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Colonial ‘Shock’ and Global Inequalities

Recent literature in New Institutional Economics has sought to study the link between colonialism and global inequalities. This strand of analysis has received substantial attention in academic and policymaking circles. But despite making an important contribution to development theory and deepening our understanding of North–South development differentials, this strand of analysis is not without its own set of problems and contradictions. Taking a critical view of NIE literature on colonialism, it is argued that by taking the nation state as the basic unit of analysis and by ignoring global power asymmetries, the NIE approach absolves the role of capitalist imperialism in creating global inequalities, and instead produces an internalist and Eurocentric theory of development.

Abductive Reasoning in Macroeconomics

Macroeconomic analytical frameworks change with events they are unable to explain. The process is closer to abductive reasoning that is based on both events and analysis, unlike induction which is data-based and deduction where analysis dominates. Abduction reasons backwards from the outcome to deduce the framework with which it is compatible. Therefore, it is useful to study how macroeconomic conceptual frameworks evolve after anomalous outcomes such as crises. The post-crisis churning is assessed from this perspective using criteria such as greater generality, systemic feedback, and structural aspects. Abductive reasoning is also used to extract the structure of aggregate demand and supply consistent with the observed negative correlation inflation and growth in India. If prolonged growth slowdowns do not reduce inflation, it suggests underlying aggregate supply is elastic but volatile, so that supply-side issues, not excess demand, are primary inflation drivers. Monetary and fiscal policy need to focus on elements that reduce costs, while avoiding sharp cuts in aggregate demand.

Shift in MGNREGS from UPA to NDA

The approach of the Bharatiya Janata Party-led National Democratic Alliance-II government towards the Mahatma Gandhi National Rural Employment Guarantee Scheme emphasises asset creation in a target-driven, if necessary, top-down fashion. NDA-II has done this without altering the basic features of the programme, as that needs an amendment in the act, a difficult political proposition given its lack of majority in the Rajya Sabha. Such a shift is in contradistinction to the pursuit of demand-driven job creation with a focus on participatory decentralised development under the United Progressive Alliance governments. While the emphasis on assets creation is not without its merits, the programme has been tilted in favour of agriculturists. Landless rural labour households, one-fourth of India’s rural population, have been excluded from the benefits of individual assets since they own no land. Asset fetishism may affect job creation and its target-driven pursuit may defeat objectives like promoting participatory decentralised development.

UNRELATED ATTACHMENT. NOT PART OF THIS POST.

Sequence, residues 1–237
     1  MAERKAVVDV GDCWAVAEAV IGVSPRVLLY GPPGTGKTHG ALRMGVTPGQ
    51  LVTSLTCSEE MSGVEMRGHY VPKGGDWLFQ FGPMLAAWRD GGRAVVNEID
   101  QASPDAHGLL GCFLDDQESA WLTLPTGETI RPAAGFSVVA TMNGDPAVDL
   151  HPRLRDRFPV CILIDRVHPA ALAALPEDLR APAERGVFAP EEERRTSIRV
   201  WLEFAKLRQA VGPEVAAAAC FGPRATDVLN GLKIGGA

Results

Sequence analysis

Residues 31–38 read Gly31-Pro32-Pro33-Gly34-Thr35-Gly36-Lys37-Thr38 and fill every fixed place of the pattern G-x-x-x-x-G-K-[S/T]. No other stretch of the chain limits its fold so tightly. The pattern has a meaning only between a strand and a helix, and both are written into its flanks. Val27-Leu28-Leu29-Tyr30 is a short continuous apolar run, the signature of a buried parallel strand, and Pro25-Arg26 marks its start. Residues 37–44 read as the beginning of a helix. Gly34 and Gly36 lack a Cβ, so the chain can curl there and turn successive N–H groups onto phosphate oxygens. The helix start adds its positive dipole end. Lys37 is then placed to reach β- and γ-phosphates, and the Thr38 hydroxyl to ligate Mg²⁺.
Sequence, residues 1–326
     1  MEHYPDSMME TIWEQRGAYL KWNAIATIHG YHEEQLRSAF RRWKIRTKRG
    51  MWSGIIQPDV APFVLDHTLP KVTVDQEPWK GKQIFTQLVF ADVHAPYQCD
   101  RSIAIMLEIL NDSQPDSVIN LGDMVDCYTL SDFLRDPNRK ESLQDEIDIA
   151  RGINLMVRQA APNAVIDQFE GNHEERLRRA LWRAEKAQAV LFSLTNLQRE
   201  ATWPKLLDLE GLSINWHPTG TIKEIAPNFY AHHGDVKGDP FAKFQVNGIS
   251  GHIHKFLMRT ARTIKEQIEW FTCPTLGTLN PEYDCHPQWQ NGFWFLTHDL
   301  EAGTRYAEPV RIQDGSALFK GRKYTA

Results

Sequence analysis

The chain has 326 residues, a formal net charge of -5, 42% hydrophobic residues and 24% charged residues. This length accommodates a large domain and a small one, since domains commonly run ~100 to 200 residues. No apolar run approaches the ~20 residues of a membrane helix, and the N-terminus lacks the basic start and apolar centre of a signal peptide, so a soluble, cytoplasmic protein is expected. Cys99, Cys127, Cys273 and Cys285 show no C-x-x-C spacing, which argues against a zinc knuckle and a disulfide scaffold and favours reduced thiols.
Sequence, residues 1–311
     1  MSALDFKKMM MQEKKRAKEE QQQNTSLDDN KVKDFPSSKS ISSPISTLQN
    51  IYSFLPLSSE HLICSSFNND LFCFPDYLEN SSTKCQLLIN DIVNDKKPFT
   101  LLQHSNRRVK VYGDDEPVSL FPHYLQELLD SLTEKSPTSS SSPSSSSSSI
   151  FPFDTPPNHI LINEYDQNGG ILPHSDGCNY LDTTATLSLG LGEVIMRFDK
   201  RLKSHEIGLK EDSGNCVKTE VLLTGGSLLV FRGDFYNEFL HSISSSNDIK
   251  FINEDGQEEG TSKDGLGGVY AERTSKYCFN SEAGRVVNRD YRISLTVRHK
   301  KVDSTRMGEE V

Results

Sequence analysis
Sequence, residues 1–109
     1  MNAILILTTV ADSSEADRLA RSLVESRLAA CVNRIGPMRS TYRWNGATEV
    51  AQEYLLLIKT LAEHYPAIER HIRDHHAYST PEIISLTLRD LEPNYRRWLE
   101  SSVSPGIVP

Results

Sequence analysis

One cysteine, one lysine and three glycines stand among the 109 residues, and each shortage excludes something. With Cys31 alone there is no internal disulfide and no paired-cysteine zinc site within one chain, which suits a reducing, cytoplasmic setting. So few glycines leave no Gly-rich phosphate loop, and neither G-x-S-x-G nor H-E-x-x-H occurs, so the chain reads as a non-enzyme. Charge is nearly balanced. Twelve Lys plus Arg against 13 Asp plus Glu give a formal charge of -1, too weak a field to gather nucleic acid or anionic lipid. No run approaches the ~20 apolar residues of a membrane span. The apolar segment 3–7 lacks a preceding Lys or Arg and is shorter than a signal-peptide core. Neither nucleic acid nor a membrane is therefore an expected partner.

Citizenship at Sea

Coastal erosions in the Sundarbans have not only dismantled infrastructure and place-based relations, but also adversely affected citizen’s abilities to make claims on the state and to translate these claims into desired outcomes, effecting a “corrosion of citizenship at the margins” which entails waning influence on bureaucratic decisions and, concomitantly, the fading of citizenship rights in practice.

Improving the Drought Resilience of the Small Farmer Agroecosystem

The farming systems followed by farmers in Asia, Africa and Latin America have the potential to deal with the problems thrown up by climate change. This article examines the changing drought ecosystems of poor farmers and also points out that the present paradigm of agricultural development and what it means for small farmers needs to be critically evaluated.

Does Citizenship Abate Class?

Drawing on data from a large household survey in Bengaluru, this paper explores the quality of urban citizenship. Addressing theories that have tied the depth of democracy to the quality and effectiveness of citizenship, we develop an index of citizenship and then explore the extent to which citizenship determines the quality of services and infrastructure that households enjoy. Findings show that citizenship and access to services in Bengaluru are highly differentiated, that much of what drives these differences has to do with class, but there is clear evidence that the urban poor are somewhat better in terms of the services they receive than they would be without citizenship. Citizenship, in other words, abates the effects of class.